Another current favorite of the current IDA is affordable housing. The county and city seem to be driven to convert any vacant property into an affordable apartment complex without any regard for its effect on adjoining properties. The key word in any of their proposals is “affordable” and I will tell you with the average income level in this city $1,350 per month plus utilities for a one-bedroom apartment is anything but affordable without government assistance. And as government assistance increases so does your property tax. But, they explain, people shouldn’t have to live in substandard housing. But what if a resident left one of these substandard dwellings? The landlord simply rents it to another person. No change to the neighborhood, just new faces. And county Social Services is more than willing to find that new face for the landlord. And as government assistance goes up so does the property tax on us older residents, the people who budget on a fixed income.

What would I do about this if I were mayor? I’d declare a one year moratorium on new apartment building while the city determines with its current resources how best to serve the needs of its existing residents. Or does it want Kingston to become a human warehouse?

Then we get to another major problem confronting the city, our collasping infrastructure. The mayor says we have $36 million of grant money to spend but the reality here it comes from entities with a personal agenda. But the good news is they were willing to spend it in Kingston. Go back to them with a new vision, after all they already wrote off $36 million, and describe the new projects the city will do to accommodate Kingston as it is. I’m sure that part of that $36 million pot of gold is the $12 million for the roundabout. Here’s how to instantly free up $7 million for our infrastructure problem. The state DOT study said they could achieve the same end result with $5 million for new signals, signs, and lane marking. This should be an easy sell. Governor Cuomo is touting how dedicated he is to fixing our infrastructure. Well, ours needs fixing, one of his agencies has $7 million to spend and a phone call is all it needs.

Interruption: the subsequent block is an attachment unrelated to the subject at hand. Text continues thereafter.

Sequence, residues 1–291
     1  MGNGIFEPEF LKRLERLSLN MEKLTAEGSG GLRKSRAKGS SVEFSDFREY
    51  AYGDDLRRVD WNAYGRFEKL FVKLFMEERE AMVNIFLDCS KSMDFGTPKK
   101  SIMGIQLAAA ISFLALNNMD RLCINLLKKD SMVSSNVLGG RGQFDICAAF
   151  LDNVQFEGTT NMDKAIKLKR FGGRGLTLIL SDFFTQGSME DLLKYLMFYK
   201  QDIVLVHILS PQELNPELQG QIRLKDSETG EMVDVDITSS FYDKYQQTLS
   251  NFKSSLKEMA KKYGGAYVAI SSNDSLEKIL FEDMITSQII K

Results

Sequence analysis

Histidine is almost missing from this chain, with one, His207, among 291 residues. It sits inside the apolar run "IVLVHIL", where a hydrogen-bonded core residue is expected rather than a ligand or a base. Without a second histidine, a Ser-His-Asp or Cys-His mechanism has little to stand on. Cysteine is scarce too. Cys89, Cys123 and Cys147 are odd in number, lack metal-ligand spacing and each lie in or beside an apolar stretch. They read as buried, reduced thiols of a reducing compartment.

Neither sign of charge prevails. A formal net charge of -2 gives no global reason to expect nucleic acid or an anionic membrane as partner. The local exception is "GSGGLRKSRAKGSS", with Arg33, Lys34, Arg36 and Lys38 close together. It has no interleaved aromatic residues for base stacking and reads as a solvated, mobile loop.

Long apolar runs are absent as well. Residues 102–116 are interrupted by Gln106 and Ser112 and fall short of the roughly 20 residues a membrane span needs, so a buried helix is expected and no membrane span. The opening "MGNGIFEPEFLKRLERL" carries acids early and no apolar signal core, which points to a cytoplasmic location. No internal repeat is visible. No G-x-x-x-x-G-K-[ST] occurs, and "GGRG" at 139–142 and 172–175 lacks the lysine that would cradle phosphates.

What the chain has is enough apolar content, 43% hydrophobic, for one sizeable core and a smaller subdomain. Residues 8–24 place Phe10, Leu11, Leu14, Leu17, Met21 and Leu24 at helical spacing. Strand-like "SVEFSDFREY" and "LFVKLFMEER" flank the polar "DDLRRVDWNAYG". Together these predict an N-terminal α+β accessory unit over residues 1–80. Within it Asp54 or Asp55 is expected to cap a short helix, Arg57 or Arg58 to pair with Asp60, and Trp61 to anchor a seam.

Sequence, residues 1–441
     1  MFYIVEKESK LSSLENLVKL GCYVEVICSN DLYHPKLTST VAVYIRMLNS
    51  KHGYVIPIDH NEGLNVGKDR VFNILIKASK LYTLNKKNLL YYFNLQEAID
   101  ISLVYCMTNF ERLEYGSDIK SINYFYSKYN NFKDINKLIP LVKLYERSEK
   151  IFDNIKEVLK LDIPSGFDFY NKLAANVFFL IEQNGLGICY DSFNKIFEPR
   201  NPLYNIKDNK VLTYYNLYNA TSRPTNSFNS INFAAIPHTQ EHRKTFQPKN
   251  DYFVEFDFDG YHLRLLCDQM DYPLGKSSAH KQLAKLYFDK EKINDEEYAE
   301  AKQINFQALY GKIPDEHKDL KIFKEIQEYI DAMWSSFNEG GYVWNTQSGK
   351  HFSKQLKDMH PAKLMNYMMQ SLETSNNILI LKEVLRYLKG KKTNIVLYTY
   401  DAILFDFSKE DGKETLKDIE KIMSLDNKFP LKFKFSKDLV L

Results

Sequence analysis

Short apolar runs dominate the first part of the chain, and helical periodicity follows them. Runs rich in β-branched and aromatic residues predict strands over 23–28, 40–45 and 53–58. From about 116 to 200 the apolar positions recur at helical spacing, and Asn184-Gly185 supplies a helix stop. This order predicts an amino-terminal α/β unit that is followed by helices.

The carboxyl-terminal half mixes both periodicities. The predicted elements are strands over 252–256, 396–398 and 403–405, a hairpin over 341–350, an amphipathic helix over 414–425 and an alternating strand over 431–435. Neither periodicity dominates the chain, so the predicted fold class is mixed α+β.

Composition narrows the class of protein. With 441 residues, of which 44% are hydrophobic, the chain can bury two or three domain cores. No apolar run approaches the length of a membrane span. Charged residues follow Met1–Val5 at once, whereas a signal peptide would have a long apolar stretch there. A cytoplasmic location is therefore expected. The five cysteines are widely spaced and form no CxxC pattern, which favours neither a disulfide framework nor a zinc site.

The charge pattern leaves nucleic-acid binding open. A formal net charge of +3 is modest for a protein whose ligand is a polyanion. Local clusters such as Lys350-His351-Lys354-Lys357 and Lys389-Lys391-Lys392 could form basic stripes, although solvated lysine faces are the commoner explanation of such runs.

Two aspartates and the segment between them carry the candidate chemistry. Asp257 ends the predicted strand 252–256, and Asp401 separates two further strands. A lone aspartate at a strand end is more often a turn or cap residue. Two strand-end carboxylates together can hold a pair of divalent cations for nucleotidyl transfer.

Finally, let’s end all this sanctuary city, welcoming community, nobody leaves Kingston hysteria. Face it — this is nothing more than protecting individuals who are breaking the law. If you’re happy with illegals breaking the law, how about me deciding stealing is OK because I’m hungry? A slippery slope has many paths. Why not focus our resources on assisting, guiding and advising illegal residents through the citizenship process? Challenge obstacles you encounter you believe no longer apply. John Dewey, an American philosopher and educator summed it up simply “Open-mindness is not the same as empty-mindedness. To hang out a sign saying, “Come right in, there is no one at home” is not the equivalent of hospitality.

The writer is a lontgime Kingston resident and retired IBMer.